"My brother helps me with some of the coding. He's a programmer, works for HMCF. But I generate all the spec myself, I can tell your guys just as easily how I want things to look."

"I don't know the acronym -?" said Haruto.

"I bet they have an equivalent organization in Japan but I don't - uh, it's Halt Melt Catch Fire, they study that thing that happens if you try to run a program that could make itself smarter and the computer slags itself, but so far I think their only public-facing result is the power plant and it's not actually more efficient than nuclear."

Haruto nodded. "All right. My assistant will show you to your office and get you set up and introduce you to the concierges and such."

"Thank you, Mr. Kobayashi."

"You will use the concierges," he told her firmly. "You will tell them as soon as you are inconvenienced. I don't care if you are inconvenienced by the air conditioning, your commute, our hardware, the time zone, your podiatrist, the government, or your bagel slicer. We hired you for your brain, we don't want to drive you insane, and that means that instead of taking extra hours out of your leisure time - let alone your sleep - we are taking them out of anything else that bothers you. The concierge department's job is to fix your problems. Complain to them."

"Thank you," repeated Shelley, and she let his assistant lead her away.

Shelley couldn't stop cackling in triumph. She knew it was immature, she knew it wasn't academically responsible, she knew that the people who'd thought the message was a cellular automaton were contributing a valuable diversity of perspective, but they'd been wrong and she was right. During the fourth day of the third message, she made the concierge department have cake and champagne and balloons ready for her in her apartment by the time she got home and invited over six Team 5-D Image co-workers. Two cakes, one for her and the other folks with globalized taste, and one for Jun and Yuuto who would prefer something with about a teaspoon of sugar in it.

Shelley cut the cakes and whooped with everyone else as the bits kept pouring in and her visualization, ticking along once every 1005 milliseconds on the screen that dominated her west wall, confirmed with each new starwink: it was a match for the theory that the messengers were sending frames of a video feed, projected down from five asymmetrical spatial dimensions. It wasn't "glorified Conway's Game of Life", as Yuuto'd derisively called the competing family of theories.

"You gotta wonder, though," said her colleague Okafor, "you gotta wonder, even more - the one thing the Conway people had going for them is that you could sort of wrap your head around why, if they were doing a cellular automaton, they'd do it with stars. Doesn't answer the question of why we're in the middle of it. But maybe stars would make a good automated substrate for it somehow if you nailed down star to star... ansibles, or something."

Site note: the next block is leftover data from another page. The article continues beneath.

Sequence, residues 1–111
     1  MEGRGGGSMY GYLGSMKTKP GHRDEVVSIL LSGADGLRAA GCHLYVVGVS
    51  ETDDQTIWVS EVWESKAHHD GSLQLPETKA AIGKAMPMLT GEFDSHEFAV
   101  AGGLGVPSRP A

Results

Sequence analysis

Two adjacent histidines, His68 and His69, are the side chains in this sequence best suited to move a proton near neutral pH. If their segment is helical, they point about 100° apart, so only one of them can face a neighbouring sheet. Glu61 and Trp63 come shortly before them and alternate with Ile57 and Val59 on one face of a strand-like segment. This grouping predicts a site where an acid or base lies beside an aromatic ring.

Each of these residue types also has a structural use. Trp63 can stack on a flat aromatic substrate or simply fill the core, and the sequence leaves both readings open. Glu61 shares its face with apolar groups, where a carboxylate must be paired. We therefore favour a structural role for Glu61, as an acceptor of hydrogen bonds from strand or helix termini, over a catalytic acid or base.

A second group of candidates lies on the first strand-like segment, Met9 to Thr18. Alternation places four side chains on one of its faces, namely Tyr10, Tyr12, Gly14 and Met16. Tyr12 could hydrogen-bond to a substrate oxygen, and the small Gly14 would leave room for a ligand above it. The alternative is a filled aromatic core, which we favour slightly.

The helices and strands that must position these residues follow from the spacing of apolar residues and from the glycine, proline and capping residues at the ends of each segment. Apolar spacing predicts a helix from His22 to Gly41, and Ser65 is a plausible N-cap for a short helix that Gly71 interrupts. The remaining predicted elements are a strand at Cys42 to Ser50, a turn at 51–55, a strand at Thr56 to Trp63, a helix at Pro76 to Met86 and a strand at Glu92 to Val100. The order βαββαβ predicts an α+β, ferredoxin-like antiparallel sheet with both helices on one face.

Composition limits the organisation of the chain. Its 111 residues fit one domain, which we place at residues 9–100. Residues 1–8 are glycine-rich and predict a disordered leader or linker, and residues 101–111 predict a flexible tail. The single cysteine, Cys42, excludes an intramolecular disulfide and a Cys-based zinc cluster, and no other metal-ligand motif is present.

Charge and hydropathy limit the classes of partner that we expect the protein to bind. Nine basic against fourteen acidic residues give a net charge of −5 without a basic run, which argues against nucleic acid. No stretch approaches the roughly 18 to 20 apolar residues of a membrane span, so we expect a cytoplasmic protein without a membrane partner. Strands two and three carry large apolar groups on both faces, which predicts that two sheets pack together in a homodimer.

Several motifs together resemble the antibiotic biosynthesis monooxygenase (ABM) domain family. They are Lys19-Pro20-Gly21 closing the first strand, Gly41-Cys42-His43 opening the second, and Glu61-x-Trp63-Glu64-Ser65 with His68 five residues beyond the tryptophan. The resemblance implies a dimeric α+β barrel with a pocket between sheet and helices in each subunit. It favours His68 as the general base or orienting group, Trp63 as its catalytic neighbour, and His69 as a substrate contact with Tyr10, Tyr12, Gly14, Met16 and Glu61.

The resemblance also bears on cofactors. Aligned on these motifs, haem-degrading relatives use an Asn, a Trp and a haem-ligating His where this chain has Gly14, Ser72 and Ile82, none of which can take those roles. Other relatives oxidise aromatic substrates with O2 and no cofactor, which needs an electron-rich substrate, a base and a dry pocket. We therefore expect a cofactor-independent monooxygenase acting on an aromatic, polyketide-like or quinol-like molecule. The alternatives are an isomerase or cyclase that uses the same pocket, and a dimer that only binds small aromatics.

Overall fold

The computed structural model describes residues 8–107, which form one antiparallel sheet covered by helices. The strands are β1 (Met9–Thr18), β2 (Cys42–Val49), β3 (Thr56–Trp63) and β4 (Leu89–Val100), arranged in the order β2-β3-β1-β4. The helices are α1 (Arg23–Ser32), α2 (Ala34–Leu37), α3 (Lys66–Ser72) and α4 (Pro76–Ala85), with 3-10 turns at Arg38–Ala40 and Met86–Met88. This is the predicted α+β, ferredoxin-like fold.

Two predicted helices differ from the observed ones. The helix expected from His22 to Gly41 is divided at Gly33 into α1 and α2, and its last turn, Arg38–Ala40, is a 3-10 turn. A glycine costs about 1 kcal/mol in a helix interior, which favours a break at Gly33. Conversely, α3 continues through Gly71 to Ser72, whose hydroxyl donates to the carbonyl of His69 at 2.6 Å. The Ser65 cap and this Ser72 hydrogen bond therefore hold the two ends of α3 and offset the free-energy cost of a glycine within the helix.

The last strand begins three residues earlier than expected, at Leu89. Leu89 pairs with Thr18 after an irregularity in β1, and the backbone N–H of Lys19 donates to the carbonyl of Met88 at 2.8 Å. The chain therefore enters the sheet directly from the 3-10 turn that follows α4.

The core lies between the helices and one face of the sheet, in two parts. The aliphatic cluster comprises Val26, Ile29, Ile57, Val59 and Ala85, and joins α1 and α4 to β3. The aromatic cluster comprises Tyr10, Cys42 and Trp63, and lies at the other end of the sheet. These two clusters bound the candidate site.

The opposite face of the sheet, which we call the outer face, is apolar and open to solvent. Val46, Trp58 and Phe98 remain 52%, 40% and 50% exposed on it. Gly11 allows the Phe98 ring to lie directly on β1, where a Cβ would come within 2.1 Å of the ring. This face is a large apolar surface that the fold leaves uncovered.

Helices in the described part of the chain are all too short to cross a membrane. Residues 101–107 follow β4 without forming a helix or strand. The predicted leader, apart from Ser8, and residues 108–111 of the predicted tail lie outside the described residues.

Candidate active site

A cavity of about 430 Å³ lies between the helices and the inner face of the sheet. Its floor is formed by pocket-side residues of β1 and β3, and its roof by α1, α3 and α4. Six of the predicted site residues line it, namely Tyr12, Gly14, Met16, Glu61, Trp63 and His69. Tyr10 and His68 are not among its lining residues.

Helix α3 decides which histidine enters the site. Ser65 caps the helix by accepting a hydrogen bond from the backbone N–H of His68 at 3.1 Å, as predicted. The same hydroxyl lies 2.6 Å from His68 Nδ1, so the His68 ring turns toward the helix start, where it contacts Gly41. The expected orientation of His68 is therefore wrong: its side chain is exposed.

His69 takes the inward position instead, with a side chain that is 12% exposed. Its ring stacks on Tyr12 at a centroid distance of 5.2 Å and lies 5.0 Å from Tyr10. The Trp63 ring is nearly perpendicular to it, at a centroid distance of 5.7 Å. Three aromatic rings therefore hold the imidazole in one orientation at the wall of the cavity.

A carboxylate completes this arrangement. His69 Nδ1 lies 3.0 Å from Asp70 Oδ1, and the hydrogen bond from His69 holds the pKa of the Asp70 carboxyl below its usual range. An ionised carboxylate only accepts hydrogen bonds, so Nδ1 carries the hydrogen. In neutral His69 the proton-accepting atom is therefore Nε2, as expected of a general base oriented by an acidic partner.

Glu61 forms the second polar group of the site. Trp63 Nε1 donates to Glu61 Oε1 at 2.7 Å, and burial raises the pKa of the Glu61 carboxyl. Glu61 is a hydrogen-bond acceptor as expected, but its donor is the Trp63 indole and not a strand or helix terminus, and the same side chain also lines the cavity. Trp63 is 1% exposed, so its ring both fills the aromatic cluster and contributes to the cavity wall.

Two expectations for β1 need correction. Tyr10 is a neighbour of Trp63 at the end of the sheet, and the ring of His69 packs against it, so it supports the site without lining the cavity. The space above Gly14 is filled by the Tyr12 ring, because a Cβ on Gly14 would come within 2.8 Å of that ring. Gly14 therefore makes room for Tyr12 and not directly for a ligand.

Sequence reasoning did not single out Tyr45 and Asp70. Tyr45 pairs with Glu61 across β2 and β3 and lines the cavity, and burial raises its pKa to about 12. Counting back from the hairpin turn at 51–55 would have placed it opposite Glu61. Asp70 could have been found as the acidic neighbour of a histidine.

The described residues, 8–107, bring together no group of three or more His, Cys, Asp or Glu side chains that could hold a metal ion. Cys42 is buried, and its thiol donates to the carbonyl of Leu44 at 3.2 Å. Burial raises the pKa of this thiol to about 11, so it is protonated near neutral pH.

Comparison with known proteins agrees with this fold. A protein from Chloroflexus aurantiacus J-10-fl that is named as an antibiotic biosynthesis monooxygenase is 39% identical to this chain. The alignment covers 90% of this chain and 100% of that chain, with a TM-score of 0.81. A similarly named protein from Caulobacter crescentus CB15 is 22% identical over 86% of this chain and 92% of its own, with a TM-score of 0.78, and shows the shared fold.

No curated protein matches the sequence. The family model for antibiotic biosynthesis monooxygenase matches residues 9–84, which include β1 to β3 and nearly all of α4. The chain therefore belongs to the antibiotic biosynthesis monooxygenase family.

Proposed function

"And if they're just doing pictures why not send us physical media or even, if they really like the bitstream approach, aim a big flashlight?" said Shelley. "Yeah. Well, we'll -" She swigged her champagne. "We'll figure out what the pictures are of, and that'll help, I bet."

"If the gap's ten years again?" said Okafor. "How're we going to figure anything out at one frame a decade?"

"Well, maybe you and I'll be dead," said Shelley, "but somebody'll be around. You know how much money Starwink got dumped on it as soon as the second frame started up? Our endowment's not going anywhere. We'll figure it out. Humanity will."

"Yeah," he replied, "but... I wanted to figure it out."

"Yeah," she acknowledged. "That's a bummer. We can get pretty far on a few frames, though, with this much time to crunch them. Hey, did my brother get back to you about your cute algorithm idea?"

"Yeah," said Okafor. "He says it'll probably melt as I described it, but they might be able to tweak it so it doesn't, at least at the kinds of price points we can sling now, they've gotten better at predicting that for edge cases. If this message lasts as long as the last one did, we should be able to start assessing the forces that might be at work in Fiveworld as soon as the winks stop."

"I'm going to be so annoyed if Jun wins that bet," Shelley whispered.

Okafor clinked his glass to hers, but said, "I don't know, it'd simplify our lives, wouldn't it?"

"It'd be boring."

"Nah, we could move on to figuring out what all the stuff in the pictures is. Are you going to send the leftover cake to the Fresh Eyes team?"

"What, as an ironic taunt? It wouldn't be very good irony. They're not getting leftovers. I respect them. I mean, I wouldn't want to be in data quarantine with them -"

"Of course not -"

"- but I'm glad they're doing it, like other people were glad I showed up on my first day and hadn't seen the bitstream."

"- so, welcome to Starwink," Shelley told the new guy, setting her cane down. "Do you have any questions?"

"Uh," said the new guy, "I understood why you don't necessarily put a really complete job description out in public, could be sensitive and all, but I got my more-complete job description and it's... sparse."

"Yes," said Shelley. "Your job's sparse. We get one new frame every ten years. They haven't surprised us with physics details since I was in my fifties. The organization doesn't have to be the big fancy think tank it once was. The Starwink I'm retiring from is more of an intellectual generation ship."

"Oh," he said.